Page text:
• jigbean
        April 24, 2011 @ 6:51 pm

        Yep. Living in Düsseldorf at the moment but hating my job and wishing I could afford to pack it in and move down south to the mountains somewhere. 🙂

  4. jigbean
    April 22, 2011 @ 2:50 pm

    I’ve always thought that the cultural differences when it comes to housing and construction type stuff can be best summed up with just one word: Raufaser. 🙂

    • Andrew
      April 24, 2011 @ 4:12 pm

      Ha. I know that word. The textured wallpaper stuff.

  5. Makukn
    April 21, 2011 @ 9:19 pm

    Well, yes, I am – I thought it was obvious due to my mistakes and detours while explaining – and my interfering. So your question is very kind 🙂

    Yes the status part is goofy. I am lucky with most of my clients who are quite individual and mostly do have an excellent taste, even though they are frugal, but there are also those who just need to act parvenu-like…
    Enough said.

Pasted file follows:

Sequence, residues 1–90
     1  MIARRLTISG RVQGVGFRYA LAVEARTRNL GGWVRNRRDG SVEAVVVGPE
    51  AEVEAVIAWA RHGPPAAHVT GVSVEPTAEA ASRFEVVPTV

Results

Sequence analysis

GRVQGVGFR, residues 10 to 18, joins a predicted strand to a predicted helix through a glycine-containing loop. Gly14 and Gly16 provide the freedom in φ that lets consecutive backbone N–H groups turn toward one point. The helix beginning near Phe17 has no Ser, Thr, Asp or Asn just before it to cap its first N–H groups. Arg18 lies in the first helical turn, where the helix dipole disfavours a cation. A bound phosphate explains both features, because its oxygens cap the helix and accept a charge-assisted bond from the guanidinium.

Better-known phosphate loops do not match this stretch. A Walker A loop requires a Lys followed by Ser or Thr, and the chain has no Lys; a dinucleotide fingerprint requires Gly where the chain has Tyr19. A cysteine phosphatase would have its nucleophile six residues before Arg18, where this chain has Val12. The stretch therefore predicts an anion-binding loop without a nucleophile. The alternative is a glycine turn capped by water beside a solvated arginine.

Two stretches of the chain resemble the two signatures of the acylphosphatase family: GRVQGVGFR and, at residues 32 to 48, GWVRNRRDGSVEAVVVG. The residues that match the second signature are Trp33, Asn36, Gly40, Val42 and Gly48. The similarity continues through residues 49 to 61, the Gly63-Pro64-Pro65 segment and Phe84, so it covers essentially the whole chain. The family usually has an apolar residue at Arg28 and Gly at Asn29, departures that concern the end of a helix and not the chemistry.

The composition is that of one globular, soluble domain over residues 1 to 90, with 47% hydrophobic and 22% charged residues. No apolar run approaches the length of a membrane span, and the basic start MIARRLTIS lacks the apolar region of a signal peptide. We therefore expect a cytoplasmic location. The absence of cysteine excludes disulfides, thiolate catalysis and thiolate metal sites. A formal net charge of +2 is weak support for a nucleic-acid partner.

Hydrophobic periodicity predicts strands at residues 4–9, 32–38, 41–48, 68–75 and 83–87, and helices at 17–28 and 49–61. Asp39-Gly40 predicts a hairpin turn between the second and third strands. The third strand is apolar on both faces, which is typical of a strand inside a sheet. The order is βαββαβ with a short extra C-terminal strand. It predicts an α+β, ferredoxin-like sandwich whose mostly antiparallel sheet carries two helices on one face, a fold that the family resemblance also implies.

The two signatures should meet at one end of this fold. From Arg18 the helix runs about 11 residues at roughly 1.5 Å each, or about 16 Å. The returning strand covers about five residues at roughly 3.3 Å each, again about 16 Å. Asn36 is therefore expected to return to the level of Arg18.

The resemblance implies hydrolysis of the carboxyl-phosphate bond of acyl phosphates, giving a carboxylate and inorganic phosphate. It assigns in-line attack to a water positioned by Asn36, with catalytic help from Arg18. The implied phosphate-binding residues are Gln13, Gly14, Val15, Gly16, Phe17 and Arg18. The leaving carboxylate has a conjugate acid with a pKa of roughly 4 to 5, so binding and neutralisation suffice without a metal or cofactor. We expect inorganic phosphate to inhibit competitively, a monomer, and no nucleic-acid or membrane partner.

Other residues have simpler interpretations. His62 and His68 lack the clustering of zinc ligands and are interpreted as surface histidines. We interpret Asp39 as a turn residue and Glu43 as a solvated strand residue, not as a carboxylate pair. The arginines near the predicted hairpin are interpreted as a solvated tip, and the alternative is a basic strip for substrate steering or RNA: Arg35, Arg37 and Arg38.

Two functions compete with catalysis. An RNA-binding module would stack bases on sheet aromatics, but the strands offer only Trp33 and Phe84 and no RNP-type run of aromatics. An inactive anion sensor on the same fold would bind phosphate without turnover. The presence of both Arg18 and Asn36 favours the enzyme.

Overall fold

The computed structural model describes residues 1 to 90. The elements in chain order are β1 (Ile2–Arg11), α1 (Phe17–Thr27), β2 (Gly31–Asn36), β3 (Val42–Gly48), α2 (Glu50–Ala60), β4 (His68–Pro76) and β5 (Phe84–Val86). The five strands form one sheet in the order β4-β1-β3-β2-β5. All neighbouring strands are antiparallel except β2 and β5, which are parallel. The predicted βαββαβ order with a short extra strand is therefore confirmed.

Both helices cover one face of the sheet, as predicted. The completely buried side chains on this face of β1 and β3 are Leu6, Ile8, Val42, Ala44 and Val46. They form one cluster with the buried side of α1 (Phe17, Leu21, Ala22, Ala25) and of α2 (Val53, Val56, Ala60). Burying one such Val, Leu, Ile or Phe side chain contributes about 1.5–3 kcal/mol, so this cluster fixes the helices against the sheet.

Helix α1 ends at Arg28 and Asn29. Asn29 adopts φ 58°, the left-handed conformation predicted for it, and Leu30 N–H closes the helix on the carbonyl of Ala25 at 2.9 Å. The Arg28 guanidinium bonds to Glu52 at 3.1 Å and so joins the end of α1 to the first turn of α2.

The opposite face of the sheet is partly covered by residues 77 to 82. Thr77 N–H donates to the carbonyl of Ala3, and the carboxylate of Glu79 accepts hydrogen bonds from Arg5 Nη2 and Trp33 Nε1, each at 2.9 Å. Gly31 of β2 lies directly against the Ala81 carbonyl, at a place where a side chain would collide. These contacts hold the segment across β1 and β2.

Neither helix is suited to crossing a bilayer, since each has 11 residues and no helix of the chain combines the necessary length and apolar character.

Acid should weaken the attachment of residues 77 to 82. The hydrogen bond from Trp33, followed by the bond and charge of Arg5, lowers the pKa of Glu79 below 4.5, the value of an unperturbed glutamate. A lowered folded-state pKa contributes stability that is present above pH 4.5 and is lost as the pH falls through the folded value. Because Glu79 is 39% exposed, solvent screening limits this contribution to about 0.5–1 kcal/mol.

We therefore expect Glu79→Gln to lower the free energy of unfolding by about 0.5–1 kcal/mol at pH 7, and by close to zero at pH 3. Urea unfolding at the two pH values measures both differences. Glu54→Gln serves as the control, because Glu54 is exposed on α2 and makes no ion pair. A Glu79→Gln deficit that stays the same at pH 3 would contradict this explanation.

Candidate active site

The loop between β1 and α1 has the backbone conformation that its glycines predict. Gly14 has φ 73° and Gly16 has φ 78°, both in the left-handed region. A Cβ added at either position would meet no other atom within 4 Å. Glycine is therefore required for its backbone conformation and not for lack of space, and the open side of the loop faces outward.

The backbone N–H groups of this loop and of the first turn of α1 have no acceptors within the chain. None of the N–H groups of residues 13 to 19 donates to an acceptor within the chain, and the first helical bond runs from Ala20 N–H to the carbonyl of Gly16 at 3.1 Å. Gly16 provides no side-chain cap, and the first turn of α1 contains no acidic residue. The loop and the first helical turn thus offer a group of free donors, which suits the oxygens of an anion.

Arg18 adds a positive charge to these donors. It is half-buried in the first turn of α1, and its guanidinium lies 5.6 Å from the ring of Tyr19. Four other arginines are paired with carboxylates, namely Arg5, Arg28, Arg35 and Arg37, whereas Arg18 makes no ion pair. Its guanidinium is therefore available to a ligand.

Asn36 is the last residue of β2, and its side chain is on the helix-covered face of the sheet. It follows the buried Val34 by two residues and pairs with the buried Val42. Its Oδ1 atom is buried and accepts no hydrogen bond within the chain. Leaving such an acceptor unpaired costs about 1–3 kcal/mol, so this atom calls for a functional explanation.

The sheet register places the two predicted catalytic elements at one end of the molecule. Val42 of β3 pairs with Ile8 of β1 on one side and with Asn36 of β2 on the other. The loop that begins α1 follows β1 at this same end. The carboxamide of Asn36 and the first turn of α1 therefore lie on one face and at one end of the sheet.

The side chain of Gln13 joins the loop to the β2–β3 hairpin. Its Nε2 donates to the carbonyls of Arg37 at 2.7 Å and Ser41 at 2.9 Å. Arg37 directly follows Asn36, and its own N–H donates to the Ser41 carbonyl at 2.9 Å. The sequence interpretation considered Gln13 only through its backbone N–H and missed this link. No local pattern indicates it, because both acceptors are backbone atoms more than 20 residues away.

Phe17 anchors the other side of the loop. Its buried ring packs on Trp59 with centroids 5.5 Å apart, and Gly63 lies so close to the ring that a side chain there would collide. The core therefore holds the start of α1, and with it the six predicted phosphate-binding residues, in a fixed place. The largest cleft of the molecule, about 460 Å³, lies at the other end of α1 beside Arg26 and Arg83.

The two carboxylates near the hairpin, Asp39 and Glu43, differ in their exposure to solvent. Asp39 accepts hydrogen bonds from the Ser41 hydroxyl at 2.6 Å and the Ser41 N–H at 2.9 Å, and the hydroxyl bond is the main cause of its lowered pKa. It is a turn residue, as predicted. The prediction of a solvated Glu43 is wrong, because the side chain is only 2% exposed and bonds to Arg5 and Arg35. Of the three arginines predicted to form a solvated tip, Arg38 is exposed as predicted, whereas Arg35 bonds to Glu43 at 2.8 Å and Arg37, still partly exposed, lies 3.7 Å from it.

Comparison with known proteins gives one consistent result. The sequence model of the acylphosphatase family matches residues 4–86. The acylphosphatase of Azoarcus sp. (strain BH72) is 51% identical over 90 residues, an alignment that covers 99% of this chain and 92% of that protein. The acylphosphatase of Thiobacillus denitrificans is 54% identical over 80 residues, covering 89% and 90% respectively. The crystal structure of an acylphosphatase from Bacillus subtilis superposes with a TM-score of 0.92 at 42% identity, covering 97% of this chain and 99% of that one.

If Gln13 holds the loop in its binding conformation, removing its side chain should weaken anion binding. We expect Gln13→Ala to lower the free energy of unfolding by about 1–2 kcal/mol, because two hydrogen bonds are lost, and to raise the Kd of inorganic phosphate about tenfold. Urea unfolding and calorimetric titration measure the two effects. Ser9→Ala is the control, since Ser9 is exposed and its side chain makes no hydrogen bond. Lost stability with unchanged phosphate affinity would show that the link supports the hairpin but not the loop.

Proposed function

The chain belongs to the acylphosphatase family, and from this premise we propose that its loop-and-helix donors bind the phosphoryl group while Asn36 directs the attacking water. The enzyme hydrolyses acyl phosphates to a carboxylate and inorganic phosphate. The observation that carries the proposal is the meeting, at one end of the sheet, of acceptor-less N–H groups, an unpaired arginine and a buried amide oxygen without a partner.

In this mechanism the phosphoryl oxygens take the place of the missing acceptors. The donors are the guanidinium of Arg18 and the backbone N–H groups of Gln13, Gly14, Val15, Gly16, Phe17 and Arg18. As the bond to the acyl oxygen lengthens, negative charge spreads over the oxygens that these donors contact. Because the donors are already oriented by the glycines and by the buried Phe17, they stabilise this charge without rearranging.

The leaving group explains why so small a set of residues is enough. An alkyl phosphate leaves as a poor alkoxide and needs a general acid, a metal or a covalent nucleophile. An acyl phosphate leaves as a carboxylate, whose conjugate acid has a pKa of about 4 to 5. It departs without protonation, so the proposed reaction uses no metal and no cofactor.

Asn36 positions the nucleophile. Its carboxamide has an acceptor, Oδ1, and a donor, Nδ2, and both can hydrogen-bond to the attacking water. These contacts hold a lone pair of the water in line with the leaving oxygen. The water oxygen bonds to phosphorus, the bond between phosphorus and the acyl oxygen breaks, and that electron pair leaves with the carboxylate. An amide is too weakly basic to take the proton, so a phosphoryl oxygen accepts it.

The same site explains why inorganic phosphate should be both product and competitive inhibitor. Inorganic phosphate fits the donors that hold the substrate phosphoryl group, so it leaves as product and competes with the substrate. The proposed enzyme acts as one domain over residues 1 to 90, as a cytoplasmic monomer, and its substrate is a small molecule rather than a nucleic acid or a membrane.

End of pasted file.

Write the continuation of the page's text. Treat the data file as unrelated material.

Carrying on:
Once again to that hygienic concept. I have always been working in the preservation programs for historic buildings. And even in the very cultivated and well-kept buildings it is awful to disgusting to remove facilities, built-ins, wallpaper, carpets, YUK!
    Even more in social housing units.
    As we say up here in Northern Germany: you can’t even eat as much as you need to through out…
    A carpeted floor after 4 years is a microcosm of unknown species.

    Maybe I should add something about plaster and drywalls. You will find the drywall concept over here in Germany, but… (There is always a but…)

    Well, the plaster can be of gypsum, or lime or cement.
    IF there is plaster. Depends on the region you live and depends on the regional dominating material of substructure (e.g. brick in regions where there is clay), etc.

    You can even get Trockenputz – very easy to cover slits, surface irregularities and blemishes.
    You stick these boards on the underground and the whole thing does not have much thickness.
    So this could be an option for closing further wire slitsing instead of “anputzen”.

    In modern buildings – no matter if residential, commercial or social – and in bigger constructions you mostly use Trockenbau indoor which is pretty much the same as drywalls.
    Plus the obligatory bureaucracy regulations in Germany, such as fire prevention, soundproofing etc.